YouTube is finally attempting to solve their problem of creating revenue. “Brand Channels” gives marketers a platform to try and broadcast their message to the YouTube community. The brand channels are a lot like a MySpace page, see the Paris Hilton channel for a great example.
There is a post from AdAge on marketing to YouTube users that was written by Chad Stoller from Organic. In the post Chad lays out 6 ideas for marketing on YouTube with the overall goal of creating an authentic connection to the community. Here are the 6 ideas.
Secure your brand channel.
Put it all out there.
There’s a couple of ideas in there that I don’t exactly agree with and here is why.
Secure your brand channel and make it a destination. Brand channels offer a bit of a “safe haven” on YouTube, allowing you to have moderate control of your message and providing a platform for telling your story. A good example is Warner Bros. Records’ Paris Hilton Channel. (In the spirit of full disclosure, Organic was the agency that arranged for Fox Broadcasting Co.’s show “Prison Break” to sponsor the Paris Hilton Channel in its first week.)
The problem I have is the suggestion of having control over the message. This is the exact thing that we are trying to get away from as we slowly adapt from push marketing to pull marketing. Consumers are progressing to the point where they no longer will accept marketers pushing or controlling the message. I do understand where Chad is coming from here but I would advise that you communicate with consumers, not communicate at them, which is essentially what controlling the message is. Instead, I would suggest letting the audience participate and help build the channel which includes them helping with content creation.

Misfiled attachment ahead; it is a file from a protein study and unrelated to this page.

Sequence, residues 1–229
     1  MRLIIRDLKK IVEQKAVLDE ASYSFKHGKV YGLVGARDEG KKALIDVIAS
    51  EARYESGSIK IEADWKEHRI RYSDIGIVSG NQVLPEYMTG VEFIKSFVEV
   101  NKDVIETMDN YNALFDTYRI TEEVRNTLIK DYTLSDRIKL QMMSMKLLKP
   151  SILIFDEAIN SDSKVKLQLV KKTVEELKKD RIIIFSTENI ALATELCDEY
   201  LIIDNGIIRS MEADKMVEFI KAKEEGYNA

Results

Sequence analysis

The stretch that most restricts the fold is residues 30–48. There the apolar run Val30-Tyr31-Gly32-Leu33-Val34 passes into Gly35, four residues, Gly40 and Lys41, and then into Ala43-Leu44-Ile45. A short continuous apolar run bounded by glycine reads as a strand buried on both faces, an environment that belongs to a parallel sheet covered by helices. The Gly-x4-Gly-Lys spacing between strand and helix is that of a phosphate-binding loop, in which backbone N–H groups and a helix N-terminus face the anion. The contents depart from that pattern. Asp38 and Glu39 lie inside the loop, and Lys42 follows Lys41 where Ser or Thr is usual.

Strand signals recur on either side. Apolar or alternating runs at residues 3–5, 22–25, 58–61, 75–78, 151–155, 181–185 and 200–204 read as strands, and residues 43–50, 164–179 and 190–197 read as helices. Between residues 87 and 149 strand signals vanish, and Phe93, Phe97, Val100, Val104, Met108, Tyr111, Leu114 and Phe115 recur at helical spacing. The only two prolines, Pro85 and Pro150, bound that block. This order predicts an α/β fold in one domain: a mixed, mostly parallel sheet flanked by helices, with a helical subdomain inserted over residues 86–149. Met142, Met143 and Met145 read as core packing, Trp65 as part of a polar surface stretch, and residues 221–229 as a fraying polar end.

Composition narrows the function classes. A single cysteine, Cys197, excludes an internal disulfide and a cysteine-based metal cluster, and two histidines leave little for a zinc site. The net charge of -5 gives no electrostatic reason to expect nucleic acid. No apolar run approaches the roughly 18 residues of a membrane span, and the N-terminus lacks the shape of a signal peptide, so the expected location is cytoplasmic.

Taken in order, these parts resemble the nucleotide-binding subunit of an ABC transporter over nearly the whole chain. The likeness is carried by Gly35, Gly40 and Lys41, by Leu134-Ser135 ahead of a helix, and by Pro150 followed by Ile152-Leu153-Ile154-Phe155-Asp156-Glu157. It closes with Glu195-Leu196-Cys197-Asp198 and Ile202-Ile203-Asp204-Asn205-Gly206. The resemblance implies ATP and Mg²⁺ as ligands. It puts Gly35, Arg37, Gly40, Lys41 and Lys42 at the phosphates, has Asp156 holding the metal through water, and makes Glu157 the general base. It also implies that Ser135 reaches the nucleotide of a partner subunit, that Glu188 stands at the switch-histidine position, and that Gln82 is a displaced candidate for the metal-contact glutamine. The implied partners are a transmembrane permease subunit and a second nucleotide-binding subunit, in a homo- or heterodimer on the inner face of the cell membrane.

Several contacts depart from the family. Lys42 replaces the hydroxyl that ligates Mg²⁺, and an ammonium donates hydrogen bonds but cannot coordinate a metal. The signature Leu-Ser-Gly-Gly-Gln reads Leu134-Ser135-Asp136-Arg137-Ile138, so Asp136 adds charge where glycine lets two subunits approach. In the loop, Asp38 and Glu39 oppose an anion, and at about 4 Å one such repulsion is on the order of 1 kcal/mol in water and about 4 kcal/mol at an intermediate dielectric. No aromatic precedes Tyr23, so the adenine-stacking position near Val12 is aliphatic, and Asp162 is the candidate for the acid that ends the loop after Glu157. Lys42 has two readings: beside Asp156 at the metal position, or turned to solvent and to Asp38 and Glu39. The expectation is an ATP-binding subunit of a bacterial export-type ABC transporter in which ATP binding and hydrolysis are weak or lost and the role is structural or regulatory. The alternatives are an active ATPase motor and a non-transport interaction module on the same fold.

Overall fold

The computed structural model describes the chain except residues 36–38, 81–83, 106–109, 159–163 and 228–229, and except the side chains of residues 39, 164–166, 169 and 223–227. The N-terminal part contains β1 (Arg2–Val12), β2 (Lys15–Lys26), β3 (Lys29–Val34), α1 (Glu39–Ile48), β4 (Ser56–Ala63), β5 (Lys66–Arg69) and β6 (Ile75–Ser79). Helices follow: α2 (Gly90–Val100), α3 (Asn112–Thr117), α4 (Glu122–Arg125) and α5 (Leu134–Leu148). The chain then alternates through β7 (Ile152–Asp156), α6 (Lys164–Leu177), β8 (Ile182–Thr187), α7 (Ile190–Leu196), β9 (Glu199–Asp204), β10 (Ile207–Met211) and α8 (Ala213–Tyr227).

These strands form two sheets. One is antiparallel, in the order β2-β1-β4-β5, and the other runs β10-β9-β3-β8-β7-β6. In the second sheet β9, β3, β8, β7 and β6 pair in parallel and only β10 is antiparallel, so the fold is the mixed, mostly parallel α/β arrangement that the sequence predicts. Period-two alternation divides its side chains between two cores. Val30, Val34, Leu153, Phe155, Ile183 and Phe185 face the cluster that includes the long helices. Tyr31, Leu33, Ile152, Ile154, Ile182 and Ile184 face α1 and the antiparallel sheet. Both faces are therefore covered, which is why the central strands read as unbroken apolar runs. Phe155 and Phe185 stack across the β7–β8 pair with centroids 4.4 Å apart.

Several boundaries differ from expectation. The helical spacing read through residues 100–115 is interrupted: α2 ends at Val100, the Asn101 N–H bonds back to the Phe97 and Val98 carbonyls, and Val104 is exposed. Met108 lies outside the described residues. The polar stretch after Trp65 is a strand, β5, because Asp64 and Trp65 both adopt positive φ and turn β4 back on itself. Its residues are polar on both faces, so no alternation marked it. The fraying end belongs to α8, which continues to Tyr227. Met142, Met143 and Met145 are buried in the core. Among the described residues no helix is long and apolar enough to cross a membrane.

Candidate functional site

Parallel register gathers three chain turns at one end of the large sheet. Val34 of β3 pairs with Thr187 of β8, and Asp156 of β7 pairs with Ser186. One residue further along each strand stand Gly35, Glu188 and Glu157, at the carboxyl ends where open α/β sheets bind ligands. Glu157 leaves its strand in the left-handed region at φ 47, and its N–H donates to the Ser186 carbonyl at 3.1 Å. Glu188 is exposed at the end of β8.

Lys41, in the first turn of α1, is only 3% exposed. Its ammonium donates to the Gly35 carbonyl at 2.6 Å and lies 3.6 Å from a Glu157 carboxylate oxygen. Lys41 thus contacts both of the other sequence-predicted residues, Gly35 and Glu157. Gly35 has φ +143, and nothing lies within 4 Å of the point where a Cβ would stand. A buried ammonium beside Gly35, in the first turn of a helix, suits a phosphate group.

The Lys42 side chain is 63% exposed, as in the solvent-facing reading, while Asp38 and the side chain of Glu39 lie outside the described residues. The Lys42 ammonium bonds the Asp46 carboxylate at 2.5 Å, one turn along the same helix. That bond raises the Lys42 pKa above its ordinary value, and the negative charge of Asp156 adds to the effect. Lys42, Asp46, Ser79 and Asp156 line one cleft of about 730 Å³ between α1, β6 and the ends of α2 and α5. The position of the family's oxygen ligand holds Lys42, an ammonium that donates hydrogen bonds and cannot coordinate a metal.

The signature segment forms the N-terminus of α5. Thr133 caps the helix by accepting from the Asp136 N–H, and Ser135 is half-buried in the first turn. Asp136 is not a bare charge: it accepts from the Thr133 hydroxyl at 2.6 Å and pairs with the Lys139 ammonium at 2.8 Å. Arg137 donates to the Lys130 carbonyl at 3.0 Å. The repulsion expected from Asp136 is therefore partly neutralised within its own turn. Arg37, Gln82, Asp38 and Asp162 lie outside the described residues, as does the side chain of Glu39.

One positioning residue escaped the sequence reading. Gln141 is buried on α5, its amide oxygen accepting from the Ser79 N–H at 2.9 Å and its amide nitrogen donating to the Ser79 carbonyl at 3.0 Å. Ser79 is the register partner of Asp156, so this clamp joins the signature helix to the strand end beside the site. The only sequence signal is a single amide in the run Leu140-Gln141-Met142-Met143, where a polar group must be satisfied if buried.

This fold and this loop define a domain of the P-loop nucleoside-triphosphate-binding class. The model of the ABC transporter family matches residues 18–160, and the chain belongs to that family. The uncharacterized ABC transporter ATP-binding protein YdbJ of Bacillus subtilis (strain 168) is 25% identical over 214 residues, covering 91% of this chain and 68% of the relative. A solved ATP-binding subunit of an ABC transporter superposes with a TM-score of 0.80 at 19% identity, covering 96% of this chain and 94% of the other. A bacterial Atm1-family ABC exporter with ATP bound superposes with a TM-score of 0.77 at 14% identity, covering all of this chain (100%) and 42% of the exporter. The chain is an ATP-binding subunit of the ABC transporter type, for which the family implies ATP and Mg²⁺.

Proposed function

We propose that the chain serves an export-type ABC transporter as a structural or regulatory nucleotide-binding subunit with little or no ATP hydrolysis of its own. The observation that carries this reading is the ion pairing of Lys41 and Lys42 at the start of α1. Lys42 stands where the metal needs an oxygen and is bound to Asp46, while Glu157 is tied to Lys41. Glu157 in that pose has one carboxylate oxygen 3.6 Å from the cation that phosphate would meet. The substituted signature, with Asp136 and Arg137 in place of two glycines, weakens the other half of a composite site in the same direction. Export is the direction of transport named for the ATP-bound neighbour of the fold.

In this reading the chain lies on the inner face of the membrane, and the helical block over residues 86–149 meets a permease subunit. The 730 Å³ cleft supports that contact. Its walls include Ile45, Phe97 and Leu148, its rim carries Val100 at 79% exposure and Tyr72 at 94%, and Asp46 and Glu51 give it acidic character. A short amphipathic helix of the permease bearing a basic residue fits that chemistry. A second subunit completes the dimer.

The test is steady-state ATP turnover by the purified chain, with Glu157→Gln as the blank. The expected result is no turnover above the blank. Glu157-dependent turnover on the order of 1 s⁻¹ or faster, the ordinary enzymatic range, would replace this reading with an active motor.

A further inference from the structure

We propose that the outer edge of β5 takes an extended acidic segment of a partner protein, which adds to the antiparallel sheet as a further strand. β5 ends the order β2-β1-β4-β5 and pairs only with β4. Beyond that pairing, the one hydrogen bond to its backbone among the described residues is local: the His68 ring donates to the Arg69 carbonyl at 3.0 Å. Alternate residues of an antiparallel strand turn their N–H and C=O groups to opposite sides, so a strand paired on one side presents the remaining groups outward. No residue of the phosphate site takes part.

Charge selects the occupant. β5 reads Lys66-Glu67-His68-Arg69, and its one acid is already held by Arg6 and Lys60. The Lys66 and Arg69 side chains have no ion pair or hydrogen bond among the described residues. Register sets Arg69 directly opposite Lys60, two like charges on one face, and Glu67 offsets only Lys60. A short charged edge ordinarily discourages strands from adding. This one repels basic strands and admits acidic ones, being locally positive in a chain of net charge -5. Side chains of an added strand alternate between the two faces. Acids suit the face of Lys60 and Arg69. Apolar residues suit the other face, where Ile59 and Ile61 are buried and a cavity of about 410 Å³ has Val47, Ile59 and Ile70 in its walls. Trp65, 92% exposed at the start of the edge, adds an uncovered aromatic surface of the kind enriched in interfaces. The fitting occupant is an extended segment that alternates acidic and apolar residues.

Put it all out there. Remember, YouTube is the de-facto research for TV spots and video content. Make sure that you are well represented. Did you have a celebrity spokesperson for a campaign? Put some footage of the shoot or an interview up.
Again, if the goal here is to create an authentic connection why would you opt for a celebrity spokesperson? Do you really think it’s possible for consumers to have a genuine connection with a celebrity personality? Instead I would suggest using someone that is real. If you use someone that fits your target demographic there is a much better chance of that connection being made. I’m sorry, but I cannot have an authentic connection with Paris Hilton. The best example of doing some of these things in a “pull” marketing fashion is what Apple has accomplished over the last few years, from the success of it’s iPod line of mp3 players to it’s more recent advertisements of Macs vs. PCs.